Every morning at this time of year, I go out to the garden, scissors in hand, to see what flowers I can cut for my kitchen table. I don't have armloads of blossoms, and seeds didn't preform exactly as I hoped, but color accumulates a little more each day, nonetheless.
No designer of any sort can I claim to be, but I like to store away tips I hear from various artists, photographers and designers to help me be more creative with this blog, my photographs, knitting, crafting, and even cooking.
An article with Prism Yarn creator, Laura Bryant, in the Summer 2012 issue of Interweave Knits, captured my interest when she spoke about teaching her students creative classes in color. What she said mirrored what I have heard from other artists.
I encourage all my students to clip and keep anything that catches their eye...
If something attracts your attention, there is a reason for it. The more you learn, the more critically you can see, and the more closely you are able to analyze why. Once you are able to discern why you love something, you can harness the effect for your own intentions. This is where really good design comes from: observation, editing, and execution.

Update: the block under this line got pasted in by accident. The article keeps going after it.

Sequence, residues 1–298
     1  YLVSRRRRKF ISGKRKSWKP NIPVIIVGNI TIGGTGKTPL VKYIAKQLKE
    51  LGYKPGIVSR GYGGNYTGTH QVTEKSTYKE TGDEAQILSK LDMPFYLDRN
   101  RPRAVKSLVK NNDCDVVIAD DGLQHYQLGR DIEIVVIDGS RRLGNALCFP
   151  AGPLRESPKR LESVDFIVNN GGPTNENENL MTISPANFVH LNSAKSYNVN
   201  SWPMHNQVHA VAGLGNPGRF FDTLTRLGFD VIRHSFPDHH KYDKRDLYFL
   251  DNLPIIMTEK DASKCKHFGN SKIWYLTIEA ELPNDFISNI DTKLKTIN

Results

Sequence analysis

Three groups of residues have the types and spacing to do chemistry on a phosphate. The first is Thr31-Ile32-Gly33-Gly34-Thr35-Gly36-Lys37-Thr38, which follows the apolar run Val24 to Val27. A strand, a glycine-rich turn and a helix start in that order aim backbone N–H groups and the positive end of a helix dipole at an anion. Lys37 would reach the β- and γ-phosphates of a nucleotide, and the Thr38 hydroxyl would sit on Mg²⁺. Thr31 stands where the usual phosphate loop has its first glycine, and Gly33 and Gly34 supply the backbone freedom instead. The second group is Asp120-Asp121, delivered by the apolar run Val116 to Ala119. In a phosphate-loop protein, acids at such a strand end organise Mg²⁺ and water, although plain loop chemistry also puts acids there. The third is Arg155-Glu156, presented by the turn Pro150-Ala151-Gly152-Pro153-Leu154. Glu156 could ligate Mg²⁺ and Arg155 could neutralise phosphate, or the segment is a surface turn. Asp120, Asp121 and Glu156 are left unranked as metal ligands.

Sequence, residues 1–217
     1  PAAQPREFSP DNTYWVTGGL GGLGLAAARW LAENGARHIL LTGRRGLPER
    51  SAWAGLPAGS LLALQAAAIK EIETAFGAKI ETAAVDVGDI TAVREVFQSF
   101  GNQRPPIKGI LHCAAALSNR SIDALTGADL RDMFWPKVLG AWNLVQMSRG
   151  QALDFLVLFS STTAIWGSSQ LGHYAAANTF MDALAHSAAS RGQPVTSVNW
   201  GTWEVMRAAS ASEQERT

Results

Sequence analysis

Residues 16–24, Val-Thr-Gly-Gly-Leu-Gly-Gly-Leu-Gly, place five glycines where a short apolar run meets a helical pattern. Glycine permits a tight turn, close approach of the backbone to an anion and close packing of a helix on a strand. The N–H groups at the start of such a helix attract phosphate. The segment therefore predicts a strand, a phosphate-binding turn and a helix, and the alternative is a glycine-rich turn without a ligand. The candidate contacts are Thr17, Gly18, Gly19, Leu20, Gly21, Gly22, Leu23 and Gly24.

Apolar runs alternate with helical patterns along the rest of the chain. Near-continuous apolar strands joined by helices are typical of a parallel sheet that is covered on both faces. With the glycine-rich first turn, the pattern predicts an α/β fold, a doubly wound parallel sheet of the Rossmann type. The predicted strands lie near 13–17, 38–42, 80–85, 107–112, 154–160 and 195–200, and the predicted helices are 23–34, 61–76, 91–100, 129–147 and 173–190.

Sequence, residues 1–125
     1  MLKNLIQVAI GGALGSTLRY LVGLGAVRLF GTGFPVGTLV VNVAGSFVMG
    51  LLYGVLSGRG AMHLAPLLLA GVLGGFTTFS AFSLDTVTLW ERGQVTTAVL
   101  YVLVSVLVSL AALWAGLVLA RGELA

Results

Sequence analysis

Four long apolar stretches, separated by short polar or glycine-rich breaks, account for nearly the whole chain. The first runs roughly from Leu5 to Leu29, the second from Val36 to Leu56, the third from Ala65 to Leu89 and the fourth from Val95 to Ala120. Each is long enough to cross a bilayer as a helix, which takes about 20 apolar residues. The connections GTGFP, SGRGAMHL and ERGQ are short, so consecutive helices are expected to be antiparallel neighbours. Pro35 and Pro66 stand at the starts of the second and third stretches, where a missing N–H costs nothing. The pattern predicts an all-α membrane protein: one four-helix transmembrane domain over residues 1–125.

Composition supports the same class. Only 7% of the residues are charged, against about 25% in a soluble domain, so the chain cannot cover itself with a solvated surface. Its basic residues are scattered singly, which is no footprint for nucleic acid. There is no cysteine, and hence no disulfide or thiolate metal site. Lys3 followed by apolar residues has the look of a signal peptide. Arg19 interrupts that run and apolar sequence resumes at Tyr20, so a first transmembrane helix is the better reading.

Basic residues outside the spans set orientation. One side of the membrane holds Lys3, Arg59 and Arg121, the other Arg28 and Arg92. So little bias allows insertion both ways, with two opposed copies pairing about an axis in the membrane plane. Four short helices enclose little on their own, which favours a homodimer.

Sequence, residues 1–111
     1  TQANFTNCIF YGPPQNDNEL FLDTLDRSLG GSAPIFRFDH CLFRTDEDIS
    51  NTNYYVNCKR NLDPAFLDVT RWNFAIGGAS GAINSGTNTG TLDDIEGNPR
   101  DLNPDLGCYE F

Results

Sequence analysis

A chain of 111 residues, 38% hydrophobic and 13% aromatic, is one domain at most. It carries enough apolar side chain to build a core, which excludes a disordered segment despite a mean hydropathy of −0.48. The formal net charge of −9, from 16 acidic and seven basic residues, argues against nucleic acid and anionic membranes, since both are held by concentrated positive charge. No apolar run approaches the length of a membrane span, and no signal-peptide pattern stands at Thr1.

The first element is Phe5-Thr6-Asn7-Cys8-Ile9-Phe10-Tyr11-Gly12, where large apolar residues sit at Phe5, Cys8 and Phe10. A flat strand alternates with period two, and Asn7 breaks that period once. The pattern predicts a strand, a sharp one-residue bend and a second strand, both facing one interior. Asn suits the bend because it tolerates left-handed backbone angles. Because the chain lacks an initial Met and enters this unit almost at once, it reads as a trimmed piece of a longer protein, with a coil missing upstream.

What she speaks of here reminds me of a few suggestions I thought I'd share with you to tuck in the back of your minds as you pursue any creative endeavors.
1. The first came from a blogging e-course I took nearly two years ago and addresses the idea of clipping (paper or digital) what attracts your attention. Simply, keep a folder or pinterest board of images that you like, and when you feel like you need ideas for a blog entry, a creative project of some kind, you can flip through your folder and see what inspires you.
2. Another idea to help you study what catches your eye uses Flickr. Favorite photos by other photographers on their Flickr page, and at some point when you need inspiration, play back your favorites in slideshow mode. You may start to see patterns in what interests you and eventually you can learn to use these in you own work. The Flickr idea came from the Photo Meditations course I took last Winter.
|My board has references to the beach, garden, baking and motherhood|
3. Also in the blogging course, I learned about inspiration boards. Just the other day, I looked at the one I made and realized how it not only still supports my interests, but how much more I can still gain from referring to it.
In the first year of my graduate degree in art history, I became drawn to the paintings of Vermeer. The lighting in his paintings captivated me, yet I moved on to study other periods and cultures. Not until the other day, did it occur to me that many photos I clip and stare at seemingly for hours, have the dramatic lighting of Vermeer's paintings. I have no idea how to achieve that effect in my own photographs, but maybe one day I will have progressed enough to get there!